Judith McHale, the former CEO of Discovery Communications, has been named, subject to Senate confirmation, America's next Undersecretary of Public Diplomacy. When she arrives at the State Department, Ms. McHale will find a stack of new (and expensive) proposals on her desk from various corners of government and the private sector on how to improve America's image abroad.
Over the last 18 months, hardly a month has passed without some new set of recommendations from institutions concerned with public diplomacy. They call for everything from funding a new non-governmental organization aimed at harnessing private sector expertise to doubling the budget for academic exchange programs. Some experts want to completely overhaul the State Department and the international broadcasting operations of the U.S. government. Others want to re-invent the U.S. Information Agency, which held sway over public diplomacy for many years.
The best advice we can give Ms. McHale is to take advantage of the tools and techniques in global communications and the best lessons learned in managing international conflict:
1. International tensions are better dealt with before they escalate. Just as preventive diplomacy is effective in stemming the tide of violence, so, too, can preventive public diplomacy used to soften the ground and prepare international audiences for what to expect from the U.S.
2. Effective public diplomacy, like effective diplomacy, is about cooperating with others, locally, on-the-ground, not imposed from Washington.
3. Just as we re-build war-torn societies, we have to re-build relations and alliances around the world. Public diplomacy is an integral part of America's ability to help relieve international tensions by working with others, in a two-way dialogue, using communications and dialogue.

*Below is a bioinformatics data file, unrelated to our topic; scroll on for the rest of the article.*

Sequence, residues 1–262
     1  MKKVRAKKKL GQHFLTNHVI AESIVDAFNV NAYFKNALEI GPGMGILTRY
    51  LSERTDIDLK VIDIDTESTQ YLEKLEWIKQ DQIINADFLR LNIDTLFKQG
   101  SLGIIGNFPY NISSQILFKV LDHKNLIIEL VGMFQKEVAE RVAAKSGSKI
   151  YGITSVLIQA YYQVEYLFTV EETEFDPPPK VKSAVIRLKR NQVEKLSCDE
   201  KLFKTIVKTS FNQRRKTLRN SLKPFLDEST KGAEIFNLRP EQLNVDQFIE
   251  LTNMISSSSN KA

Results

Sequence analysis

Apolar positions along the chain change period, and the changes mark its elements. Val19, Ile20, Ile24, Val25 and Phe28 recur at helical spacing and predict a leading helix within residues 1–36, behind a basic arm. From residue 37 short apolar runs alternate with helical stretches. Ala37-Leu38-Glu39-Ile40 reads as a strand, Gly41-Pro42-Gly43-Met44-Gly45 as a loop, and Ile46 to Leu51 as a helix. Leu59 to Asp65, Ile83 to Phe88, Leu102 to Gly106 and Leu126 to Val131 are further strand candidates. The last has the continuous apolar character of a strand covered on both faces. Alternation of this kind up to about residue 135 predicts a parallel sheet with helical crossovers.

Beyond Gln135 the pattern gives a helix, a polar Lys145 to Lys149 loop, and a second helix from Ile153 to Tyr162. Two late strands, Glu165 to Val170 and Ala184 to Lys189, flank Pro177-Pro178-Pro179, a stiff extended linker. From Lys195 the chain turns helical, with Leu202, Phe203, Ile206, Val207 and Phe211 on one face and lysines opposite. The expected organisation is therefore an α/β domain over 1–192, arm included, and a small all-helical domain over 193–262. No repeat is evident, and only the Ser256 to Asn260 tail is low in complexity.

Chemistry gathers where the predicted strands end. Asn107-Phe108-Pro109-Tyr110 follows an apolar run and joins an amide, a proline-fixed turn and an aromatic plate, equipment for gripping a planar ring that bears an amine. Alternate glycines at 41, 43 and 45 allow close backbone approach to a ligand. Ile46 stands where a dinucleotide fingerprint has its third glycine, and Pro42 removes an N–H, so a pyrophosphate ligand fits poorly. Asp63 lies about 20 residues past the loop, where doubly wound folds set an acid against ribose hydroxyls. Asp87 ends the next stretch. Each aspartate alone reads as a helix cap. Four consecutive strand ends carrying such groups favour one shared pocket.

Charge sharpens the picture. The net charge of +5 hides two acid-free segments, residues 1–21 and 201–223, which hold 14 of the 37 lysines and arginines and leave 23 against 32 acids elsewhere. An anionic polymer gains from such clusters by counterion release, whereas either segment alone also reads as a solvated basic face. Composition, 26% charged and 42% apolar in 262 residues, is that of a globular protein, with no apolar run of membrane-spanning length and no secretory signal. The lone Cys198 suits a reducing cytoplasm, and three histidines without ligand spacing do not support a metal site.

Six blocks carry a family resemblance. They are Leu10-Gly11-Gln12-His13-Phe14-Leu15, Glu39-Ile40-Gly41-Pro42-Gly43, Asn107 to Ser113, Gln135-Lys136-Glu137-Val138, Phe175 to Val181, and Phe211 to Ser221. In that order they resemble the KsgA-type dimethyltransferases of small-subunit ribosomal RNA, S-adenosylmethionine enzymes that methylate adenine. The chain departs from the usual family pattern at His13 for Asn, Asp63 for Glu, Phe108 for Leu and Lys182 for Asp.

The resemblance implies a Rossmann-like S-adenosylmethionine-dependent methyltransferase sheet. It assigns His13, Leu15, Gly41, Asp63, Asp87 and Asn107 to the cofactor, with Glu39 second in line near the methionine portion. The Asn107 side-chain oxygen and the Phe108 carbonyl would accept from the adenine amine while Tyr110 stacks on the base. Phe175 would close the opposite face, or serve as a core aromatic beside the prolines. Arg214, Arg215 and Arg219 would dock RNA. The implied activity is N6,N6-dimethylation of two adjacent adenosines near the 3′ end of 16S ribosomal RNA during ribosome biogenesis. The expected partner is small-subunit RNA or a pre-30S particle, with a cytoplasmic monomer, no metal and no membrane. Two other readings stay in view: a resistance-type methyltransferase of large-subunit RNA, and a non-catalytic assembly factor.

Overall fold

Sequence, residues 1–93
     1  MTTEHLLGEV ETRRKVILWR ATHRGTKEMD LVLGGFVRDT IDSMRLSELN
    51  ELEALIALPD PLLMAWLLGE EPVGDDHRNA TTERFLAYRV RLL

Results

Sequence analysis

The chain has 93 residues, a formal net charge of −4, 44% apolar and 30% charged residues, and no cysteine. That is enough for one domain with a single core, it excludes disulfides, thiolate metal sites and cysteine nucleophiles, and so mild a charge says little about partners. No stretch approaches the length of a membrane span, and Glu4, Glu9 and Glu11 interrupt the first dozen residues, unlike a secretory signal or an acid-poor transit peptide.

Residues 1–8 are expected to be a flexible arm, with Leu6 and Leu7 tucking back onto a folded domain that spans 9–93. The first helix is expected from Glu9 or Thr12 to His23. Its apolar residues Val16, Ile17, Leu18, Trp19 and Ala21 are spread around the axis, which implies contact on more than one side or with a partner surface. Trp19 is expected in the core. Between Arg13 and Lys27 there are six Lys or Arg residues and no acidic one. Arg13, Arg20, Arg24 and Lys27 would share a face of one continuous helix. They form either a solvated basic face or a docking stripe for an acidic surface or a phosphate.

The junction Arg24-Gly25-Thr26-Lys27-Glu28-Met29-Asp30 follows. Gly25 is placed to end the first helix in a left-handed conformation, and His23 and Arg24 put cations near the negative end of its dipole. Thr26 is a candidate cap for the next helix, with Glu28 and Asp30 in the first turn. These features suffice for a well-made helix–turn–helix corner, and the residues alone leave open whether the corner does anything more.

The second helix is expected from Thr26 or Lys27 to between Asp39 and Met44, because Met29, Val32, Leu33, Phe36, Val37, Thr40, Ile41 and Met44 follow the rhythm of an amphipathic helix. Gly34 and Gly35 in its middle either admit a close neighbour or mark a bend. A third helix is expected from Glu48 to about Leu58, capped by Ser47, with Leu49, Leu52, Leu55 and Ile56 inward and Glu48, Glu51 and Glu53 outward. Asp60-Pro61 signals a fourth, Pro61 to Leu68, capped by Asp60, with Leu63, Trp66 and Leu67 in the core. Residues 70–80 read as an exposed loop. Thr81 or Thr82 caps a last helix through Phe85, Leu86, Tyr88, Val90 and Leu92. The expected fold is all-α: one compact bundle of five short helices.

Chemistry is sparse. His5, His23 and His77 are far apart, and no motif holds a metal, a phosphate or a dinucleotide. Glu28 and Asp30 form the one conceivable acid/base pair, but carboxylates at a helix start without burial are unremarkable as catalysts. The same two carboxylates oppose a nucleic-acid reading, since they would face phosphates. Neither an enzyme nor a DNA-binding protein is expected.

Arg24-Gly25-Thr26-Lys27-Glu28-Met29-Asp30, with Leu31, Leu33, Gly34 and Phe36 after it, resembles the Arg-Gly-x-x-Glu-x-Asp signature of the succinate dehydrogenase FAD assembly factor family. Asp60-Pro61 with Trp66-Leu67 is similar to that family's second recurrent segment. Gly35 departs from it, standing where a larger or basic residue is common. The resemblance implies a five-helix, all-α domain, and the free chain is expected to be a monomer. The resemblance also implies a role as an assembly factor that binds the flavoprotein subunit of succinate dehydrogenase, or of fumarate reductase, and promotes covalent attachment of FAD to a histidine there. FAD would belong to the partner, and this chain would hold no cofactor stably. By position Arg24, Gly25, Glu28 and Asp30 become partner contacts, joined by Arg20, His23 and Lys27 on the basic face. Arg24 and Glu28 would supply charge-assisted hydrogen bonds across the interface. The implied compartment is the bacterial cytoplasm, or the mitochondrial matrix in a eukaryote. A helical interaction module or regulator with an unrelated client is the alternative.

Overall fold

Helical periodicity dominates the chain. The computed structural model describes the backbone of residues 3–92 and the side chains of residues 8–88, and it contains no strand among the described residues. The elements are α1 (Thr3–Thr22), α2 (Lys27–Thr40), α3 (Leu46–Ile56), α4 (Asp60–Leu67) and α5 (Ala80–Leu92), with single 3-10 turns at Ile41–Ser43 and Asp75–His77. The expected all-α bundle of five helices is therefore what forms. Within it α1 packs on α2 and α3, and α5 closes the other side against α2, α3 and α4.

Ms. McHale will no doubt understand, from her experience with Discovery Communications, that the key ingredient to a successful public diplomacy strategy lies in networking and collaborating with people around the world and meeting them where they are -- on Facebook, on the web, in the public square. We have to be in listening mode: open to criticism and receptive and responsive to ordinary citizens who are joining what Ms. McHale's predecessor, James Glassman, called "the grand conversation" -- the interface of ordinary people chatting, debating, and discussing the world.
We will need a new "information corps" along the lines of the diplomatic corps or the Peace Corps -- information specialists who can deliver messages and engage publics from Embassies to American Centers to a foreign press center, that should be re-energized in the U.S.
The new Undersecretary of Diplomacy has a big job in front of her, and an abundance of options.
Now the hard work begins.
Sheldon Himelfarb is Associate Vice President of the Media, Conflict, and Peacebuilding Center of Innovation at the United States Institute of Peace. Tara Sonenshine is Executive Vice President of the United States Institute of Peace.